We broke ground on our new state-of-the-art chicken barns the summer of 2017. Writing ‘2017’ feels so long ago, but all of us on the farm agree, life has been a whirlwind since then. It wasn’t until the beginning of 2019 that the four of us started to feel like we could exhale again.
This project has been nothing short of amazing, just the opportunity to build four more chicken houses was/is a big deal for the farm, but adding in the viewing room and education building, opening the farm for tours and navigating the logistics of creating events and community presence.
*cue head spinning*
But hey, here we are in 2019, we made it, we survived all the change a year and a half could bring and literally doubling the farm’s production.
It’s funny, the photos you’re about to see, I (Danielle) took, but I’m not the one who added them to this post. Our web designer—Rural Gone Urban—threw these in here as a blog post placeholder back in the fall of 2017. I had forgotten they were there until earlier this week when I published the “Scheduling a Tour” post.
Even if it was just a placeholder, I’m so glad she did, seeing the farm back in the beginning of construction and reliving those emotions was fun, exciting and bittersweet. “hey we survived,” “oh, I forgot what that spot looked like before big red barns sat on top of the hill,” and Oliver, passed through my head.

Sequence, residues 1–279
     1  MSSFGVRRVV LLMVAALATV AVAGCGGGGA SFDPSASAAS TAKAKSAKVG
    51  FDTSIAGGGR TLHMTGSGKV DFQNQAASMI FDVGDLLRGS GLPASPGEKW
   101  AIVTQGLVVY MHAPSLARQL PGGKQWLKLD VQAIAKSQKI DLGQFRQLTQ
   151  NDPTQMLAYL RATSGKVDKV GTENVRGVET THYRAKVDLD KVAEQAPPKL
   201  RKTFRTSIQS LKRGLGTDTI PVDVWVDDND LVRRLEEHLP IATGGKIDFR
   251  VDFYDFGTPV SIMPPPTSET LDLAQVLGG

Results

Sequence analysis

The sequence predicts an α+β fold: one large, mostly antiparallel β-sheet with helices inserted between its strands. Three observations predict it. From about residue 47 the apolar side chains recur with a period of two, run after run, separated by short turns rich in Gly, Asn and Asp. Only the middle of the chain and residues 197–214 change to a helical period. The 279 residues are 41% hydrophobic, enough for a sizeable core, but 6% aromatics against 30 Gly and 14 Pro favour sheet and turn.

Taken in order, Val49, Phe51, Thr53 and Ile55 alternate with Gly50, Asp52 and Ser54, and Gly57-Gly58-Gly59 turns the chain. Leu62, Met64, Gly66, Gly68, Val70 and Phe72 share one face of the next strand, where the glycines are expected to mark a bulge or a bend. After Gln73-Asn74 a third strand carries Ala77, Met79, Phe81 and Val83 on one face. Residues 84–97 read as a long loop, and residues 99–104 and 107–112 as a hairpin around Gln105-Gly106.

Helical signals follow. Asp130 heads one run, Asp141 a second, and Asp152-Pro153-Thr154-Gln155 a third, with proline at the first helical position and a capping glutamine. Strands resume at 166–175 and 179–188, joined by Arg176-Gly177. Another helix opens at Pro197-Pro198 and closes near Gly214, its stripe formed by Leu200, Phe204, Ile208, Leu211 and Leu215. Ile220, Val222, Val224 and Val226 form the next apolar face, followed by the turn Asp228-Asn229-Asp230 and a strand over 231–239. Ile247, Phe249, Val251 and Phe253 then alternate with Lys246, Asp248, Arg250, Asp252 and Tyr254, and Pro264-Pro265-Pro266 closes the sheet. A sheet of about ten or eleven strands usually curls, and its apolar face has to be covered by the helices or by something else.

Oliver, our Scottish Terrier, crossed the rainbow bridge this January, and even though he was the most unlikely farm dog, he had the biggest heart for it. Nothing brought that dog more joy than getting to ride in the back of the truck, bound along beside us while checking cows and hearing the words “load up” into the Ranger for all the farm chores he knew deep in his heart he was born to assist with.
We (Daniel and Danielle) miss him terribly, but it made my heart happy to see him in these photos are part of our building process.
Oliver and I, checking on the progress after the dirt work equipment moved to the farm to start, July 2017.
You may have driven on or seen the driveway and parking lot, but maybe never thought about what it takes to install something of that scale. Because Kentucky is such a rainy state and anything BUT flat terrain, the chicken house driveway was one of the first things that had to be created.
It took somewhere in the neighborhood of 30 dump trucks to put down enough gravel for the driveway and parking lot.
DaniSquared’s Paw Patrol checking on dirt work progress late July 2017. Back when Cowdog Lily was still a puppy.
Jumping for joy, we have a roof on before the rainy season, October 2017. In both the gravel photo and this one it was pouring rain. We were incredibly lucky we started the project when we did and thankfully didn’t get held up by weather much.
Our first flock was placed in these houses March 14, 2018. Just shy of one year ago.